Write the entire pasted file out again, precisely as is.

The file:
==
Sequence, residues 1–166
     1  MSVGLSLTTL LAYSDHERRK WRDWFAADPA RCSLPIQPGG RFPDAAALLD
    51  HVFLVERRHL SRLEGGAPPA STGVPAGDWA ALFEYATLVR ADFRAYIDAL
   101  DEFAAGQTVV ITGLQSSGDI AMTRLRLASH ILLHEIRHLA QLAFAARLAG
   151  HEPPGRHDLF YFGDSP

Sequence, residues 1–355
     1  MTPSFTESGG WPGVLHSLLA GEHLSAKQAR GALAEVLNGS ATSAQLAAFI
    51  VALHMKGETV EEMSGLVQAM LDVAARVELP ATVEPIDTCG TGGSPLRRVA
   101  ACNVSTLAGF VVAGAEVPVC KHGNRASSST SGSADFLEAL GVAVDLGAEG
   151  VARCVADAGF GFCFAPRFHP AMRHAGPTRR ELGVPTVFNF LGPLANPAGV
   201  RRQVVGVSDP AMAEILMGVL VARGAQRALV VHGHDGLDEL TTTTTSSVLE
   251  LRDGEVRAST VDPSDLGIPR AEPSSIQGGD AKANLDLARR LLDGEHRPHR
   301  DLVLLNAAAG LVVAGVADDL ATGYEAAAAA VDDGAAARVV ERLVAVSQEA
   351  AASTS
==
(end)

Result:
Sequence, residues 1–166
     1  MSVGLSLTTL LAYSDHERRK WRDWFAADPA RCSLPIQPGG RFPDAAALLD
    51  HVFLVERRHL SRLEGGAPPA STGVPAGDWA ALFEYATLVR ADFRAYIDAL
   101  DEFAAGQTVV ITGLQSSGDI AMTRLRLASH ILLHEIRHLA QLAFAARLAG
   151  HEPPGRHDLF YFGDSP

Sequence, residues 1–355
     1  MTPSFTESGG WPGVLHSLLA GEHLSAKQAR GALAEVLNGS ATSAQLAAFI
    51  VALHMKGETV EEMSGLVQAM LDVAARVELP ATVEPIDTCG TGGSPLRRVA
   101  ACNVSTLAGF VVAGAEVPVC KHGNRASSST SGSADFLEAL GVAVDLGAEG
   151  VARCVADAGF GFCFAPRFHP AMRHAGPTRR ELGVPTVFNF LGPLANPAGV
   201  RRQVVGVSDP AMAEILMGVL VARGAQRALV VHGHDGLDEL TTTTTSSVLE
   251  LRDGEVRAST VDPSDLGIPR AEPSSIQGGD AKANLDLARR LLDGEHRPHR
   301  DLVLLNAAAG LVVAGVADDL ATGYEAAAAA VDDGAAARVV ERLVAVSQEA
   351  AASTS